Mother was gradually being swallowed up by the recesses of sorrow. She could no longer bear it all again. Having invited one doctor after another over to our house to run their checks on him, hoping to find a cure, yet, nothing extraordinary happens. They all say the same thing: "autism has no cure." Each one advised my mother to follow strictly the daily medication administered to Osondu if we wanted the severity of the symptoms to be cushioned and most importantly, to keep my brother alive.
Once I remember, she had invited her pastor and a team of prayer warriors from her church and a vigil was held in our house. But nothing really happened. There was no miracle. Then another long night of defying sleep came— she practically forced me the first time and I refused, but not the second— and the pastor with a weird face and his team of prayer warriors arrived: of women in long gowns like nuns and a scarf stretching down to their backs; of men dressed in baggy plain trousers and fluffy shirt; of the air of pride carried over their shoulders as they held tightly unto those big black bibles like one wielding a sword against a known enemy. But these people did not know their enemy. All through the night, they kept hurling lots of nonsense they called "spiritual missiles," from their lips against a lot of things. Strongholds that had kept Osondu in some invisible chain. Satan. Witches. Demons. We kept calling down fire and blood, as our voices echoed all over the house, and crawled out into the dead of night. Mother had pleaded with my father to join in the mini-crusade held in our house but he dismissed it without a second thought. He felt we were wasting our time. And I also felt same, but couldn't muster the needed courage to tell my mother in her face, else, she would label me a witch. That I was probably responsible for Osondu's predicament and the many known and unknown problems that had assailed our family over the years. So while the heat of prayers rose gradually, I couldn't say much; I was afraid that the demons would slip in through the closed windows by chance, since they continued to call down fire on unseen legions of demons.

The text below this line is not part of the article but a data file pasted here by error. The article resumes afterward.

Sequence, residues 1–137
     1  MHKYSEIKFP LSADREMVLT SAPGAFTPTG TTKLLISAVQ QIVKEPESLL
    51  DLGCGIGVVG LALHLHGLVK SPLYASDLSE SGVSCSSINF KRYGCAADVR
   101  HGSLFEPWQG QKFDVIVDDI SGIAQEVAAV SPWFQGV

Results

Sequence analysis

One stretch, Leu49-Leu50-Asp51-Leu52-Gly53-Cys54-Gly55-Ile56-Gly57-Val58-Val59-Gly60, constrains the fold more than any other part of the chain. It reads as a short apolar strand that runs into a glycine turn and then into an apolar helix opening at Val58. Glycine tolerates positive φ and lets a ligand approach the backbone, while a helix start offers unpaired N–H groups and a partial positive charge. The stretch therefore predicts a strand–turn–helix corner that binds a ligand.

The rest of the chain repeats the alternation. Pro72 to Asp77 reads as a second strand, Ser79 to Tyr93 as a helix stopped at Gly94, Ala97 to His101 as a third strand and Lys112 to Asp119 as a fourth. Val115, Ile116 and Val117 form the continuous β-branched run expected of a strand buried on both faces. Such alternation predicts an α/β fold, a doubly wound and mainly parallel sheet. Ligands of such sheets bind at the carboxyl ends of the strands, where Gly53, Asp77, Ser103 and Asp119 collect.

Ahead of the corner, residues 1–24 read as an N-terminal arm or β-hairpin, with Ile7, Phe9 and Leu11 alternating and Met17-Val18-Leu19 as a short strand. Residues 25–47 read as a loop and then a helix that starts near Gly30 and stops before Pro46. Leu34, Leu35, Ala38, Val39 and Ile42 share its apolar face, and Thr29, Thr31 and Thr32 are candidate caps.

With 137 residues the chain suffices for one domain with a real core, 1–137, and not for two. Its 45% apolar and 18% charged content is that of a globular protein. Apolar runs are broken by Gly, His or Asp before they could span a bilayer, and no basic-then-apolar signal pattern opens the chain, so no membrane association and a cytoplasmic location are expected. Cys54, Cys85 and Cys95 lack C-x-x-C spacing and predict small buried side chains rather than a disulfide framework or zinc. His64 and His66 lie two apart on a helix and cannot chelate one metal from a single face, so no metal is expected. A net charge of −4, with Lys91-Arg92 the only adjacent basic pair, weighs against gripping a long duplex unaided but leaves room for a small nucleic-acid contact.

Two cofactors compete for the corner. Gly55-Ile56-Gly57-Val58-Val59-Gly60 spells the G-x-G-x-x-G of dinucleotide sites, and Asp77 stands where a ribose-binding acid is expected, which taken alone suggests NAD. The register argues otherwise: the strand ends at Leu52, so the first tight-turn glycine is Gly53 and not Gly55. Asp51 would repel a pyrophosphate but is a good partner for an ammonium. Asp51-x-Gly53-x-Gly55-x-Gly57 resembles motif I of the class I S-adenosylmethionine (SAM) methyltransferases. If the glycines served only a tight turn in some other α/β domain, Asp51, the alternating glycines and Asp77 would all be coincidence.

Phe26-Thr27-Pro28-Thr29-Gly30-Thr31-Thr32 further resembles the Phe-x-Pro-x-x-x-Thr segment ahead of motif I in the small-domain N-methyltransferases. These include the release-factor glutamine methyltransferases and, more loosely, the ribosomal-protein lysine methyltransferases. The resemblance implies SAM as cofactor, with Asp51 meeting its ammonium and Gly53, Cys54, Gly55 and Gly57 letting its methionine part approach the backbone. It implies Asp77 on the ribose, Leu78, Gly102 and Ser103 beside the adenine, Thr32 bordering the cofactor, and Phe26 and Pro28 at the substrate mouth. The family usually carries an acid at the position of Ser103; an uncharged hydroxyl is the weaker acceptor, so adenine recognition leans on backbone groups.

Mother soon ran out of words and she began to nod silently like a lizard. But the pastor and his team continued to raise the air of vengeance over Satan and his cohorts, sweating profusely. The prayer came to an end the following morning and the pastor and his team left our house. Before they left, the pastor gave my mother a small plastic container of olive oil. He called it "anointing oil." 'Anoint him every morning before he wakes up and the last thing before he retires for the night,' he had instructed her strictly. She did as instructed and has always been doing; she would apply the anointing oil all over his body and give him some to drink. Then she would end with a long prayer. Still, nothing changed. With every passing day, week, month and year, her sorrow only gave birth to more sorrow. Her frustration gave birth to more frustration.
Countless times, he was locked up, alone, in his room, for weeks. And his eyes wouldn't see the sun. Osondu couldn't tell when he felt a pain or each time he felt pressed. Gradually, I watch my brother's life dissipate before my eyes and I couldn't stop it. He had no friends— no body came to pay him a visit. He had no body except us. He was isolated from the world. Mother had pleaded with my father to allow her to take him out to meet with people, or to enroll him with the rest of the kids at Day stars nursery school; maybe he would get to mingle with the rest of his peers and, probably, have a normal life. He rebuffed her saying: 'Do you want them to laugh at us, that we gave birth to an imbecile? Our son cannot form nor maintain any human connection,' he yelled at my mother like a child. After much persuading from her, he finally conceded. Not to her plea. But he decided to bring in a Physician friend.